Portable One SXS37 Review

by Reads (19,528)

by Kevin O’Brien

The Portable One SXS37 is a 13.3” multimedia notebook, offering a ton of features in a lightweight package. With features such as an optional transreflective TrioView display for outdoor viewing, many external ports, and easy internal access for upgrades this notebook should be a hit with more demanding users. Read on to see how this notebook stacks up against the competition.

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The SXS37 offers a pretty wide range of options to let users design their system just the way they want it. Processors range from the 2GHz Intel T7250 to the 2.4GHz T7700. Two display options are offered, both with the WXGA resolution, and one being a transreflective TrioView screen for outdoor use. For the operating system users can choose between Vista Business or Ultimate, as well as XP Professional.

  • T7250 2.0GHz 2MB L2 800MHZ FSB (Optional 4MB L2)
  • 2GB (2 x 1GB) DDR2 Memory (4GB Max)
  • Cinematic 13.3" UVA WXGA TFT(1280 x 800) Widescreen Display
  • Nvidia GeForce 8400M G 256MB VRAM
  • 100GB SATA 7200RPM Shock Mounted Hard Drive
  • 1GB Intel Turbo Memory
  • Super Multi Dual Layer DVD±RW Optical Drive
  • Three USB 2.0 Ports, IEEE 1394 FireWire & e-SATA Ports
  • Integrated Card Reader & Express Card Slot
  • 10/100/1000 Gigabit LAN
  • Integrated Bluetooth 2.0+EDR (PAN)
  • Built-in Biometric Fingerprint Scanner with TPM
  • Windows Vista Business
  • 12.6"(W) x 9.25"(D) x 1~1.35"(H);4.3lbs w/ 6-cell battery advertised (4lbs 13.3oz actual)
  • Base price: $1,399

Build and Design

The Portable One SXS37 has a very sleek and high contrast design. Our review model has a high gloss black lid with a jagged edge/sawtooth which is barely noticeable unless you look closely at the lid. The trim and keyboard surround is a matte silver, leaving the bottom of the chassis matte black.

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Chassis strength is top notch, with an alloy framework keeping the notebook quite rigid. The body of the notebook is also designed with tuners in mind, with full access to almost any part you would want to mess with. After removing five screws, you gain access to the hard drive, ram, both mini-pcie slots, heatsink/processor and anything else that might be of interest. This notebook ranks up there on one of the easiest systems to work on, and there doesn’t appear to be any warranty voiding stickers in place.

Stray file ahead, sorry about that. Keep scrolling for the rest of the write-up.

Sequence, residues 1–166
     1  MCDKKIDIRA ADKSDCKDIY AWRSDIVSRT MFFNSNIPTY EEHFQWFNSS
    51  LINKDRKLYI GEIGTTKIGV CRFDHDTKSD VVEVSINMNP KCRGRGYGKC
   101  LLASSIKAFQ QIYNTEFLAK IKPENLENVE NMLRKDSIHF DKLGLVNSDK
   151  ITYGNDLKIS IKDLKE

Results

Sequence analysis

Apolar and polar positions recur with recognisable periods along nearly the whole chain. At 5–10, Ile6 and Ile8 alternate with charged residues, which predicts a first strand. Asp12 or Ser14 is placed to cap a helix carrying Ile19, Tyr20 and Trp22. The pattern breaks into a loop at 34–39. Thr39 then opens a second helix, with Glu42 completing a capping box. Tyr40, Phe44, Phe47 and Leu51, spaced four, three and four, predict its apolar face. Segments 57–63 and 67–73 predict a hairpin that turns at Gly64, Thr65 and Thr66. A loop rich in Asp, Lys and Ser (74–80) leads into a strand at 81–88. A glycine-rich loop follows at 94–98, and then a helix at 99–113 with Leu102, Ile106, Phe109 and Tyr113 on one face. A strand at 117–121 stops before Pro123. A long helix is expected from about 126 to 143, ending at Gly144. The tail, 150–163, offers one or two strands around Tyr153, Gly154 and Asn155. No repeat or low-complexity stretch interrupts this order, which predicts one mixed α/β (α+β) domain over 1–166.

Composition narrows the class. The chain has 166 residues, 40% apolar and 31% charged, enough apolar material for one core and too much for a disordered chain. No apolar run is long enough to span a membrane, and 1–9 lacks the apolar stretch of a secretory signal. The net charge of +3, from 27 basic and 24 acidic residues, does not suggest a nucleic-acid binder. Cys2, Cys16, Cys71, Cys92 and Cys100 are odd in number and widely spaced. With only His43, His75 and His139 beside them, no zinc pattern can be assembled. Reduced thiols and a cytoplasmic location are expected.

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The screen on the SXS37 is very bright and vivid, just what most users would expect from a multimedia notebook. Vertical viewing angles are average, with a narrow optimal viewing range. Horizontal viewing angles are better, with colors only getting darker, but not inverting. Screen brightness is more than enough to view in a bright office setting. My brightness setting was about two or three notches down from maximum.

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Display protection from the top cover is average, with moderate finger pressure on the back causing ripples on the screen. The screen hinges feel pretty sturdy, and they alone keep the lid shut during transport, as no clip is present. You can almost open the lid with one hand, but you need two to get past the initial tension holding the lid closed.

Keyboard and Touchpad

The keyboard typing surface has plenty of support, and only flexes slightly when you jam down on keys. Spacing and key size is perfect, with no area of the keyboard feeling cramped. Key presses are very quiet, letting you type pretty fast without disturbing those around you. Regarding the keyboard layout, one area that might be of concern for some people is the placement of function key at the bottom left, instead of a control key.

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The touchpad surface blends into the palmrest, with only a height change to define the area. A vertical line is printed for the scroll bar section, but you can adjust the width of the scroll area considerably in the settings. Using the Synaptics control panel section, you can also adjust many other features of the touchpad, including the most important item, sensitivity.

The touchpad buttons have shallow feedback with an audible click when pressed. The fingerprint reader is located in-between the two touchpad buttons. Compared to other Synaptics based notebook touchpads, this particular version I had to crank the sensitivity for smooth tracking, where I would have normally used the stock settings.

Ports and Features

The SXS37 comes with a wide range of ports that most people come to expect on notebooks these days, including an e-SATA port for external high-speed storage expansion. One item not seen on this notebook though is HDMI, but isn’t completely a deal breaker considering VGA is still capable of pushing HDTV resolutions.

The optical drive on this notebook would be considered a “fixed” drive, but could be easily upgraded by removing a set screw and replacing it with something else of the same size.

Port selection around the notebook is fairly good, with most almost all free-space used by some type of port. Going around the notebook we find the following connections or features:

Front: Speakers and indicator lights. (view large image)

Back: Modem jack, LAN connector, AC power, and Kensington Lock Slot. (view large image)

Left: VGA, CPU/GPU exhaust port, one USB, and headphone/microphone jacks. (view large image)

Right: Optical drive, e-SATA, one Firewire 400, and two USB ports. (view large image)


Overall system performance was very nice, with 2GB of RAM and its 7200 rpm drive really helping out. One aspect of this notebook that didn’t do too well was the graphics card, even with its larger 256MB of video memory. Compared to the Dell XPS M1330, which scored a 1,408 in 3DMark06 with the same card and half the video ram, the SXS37 was only able to 1,111. Even though its graphics performance was lacking, it still had a higher PCMark05 score.

Here is how the SXS37 stacks up against the other notebooks in its class: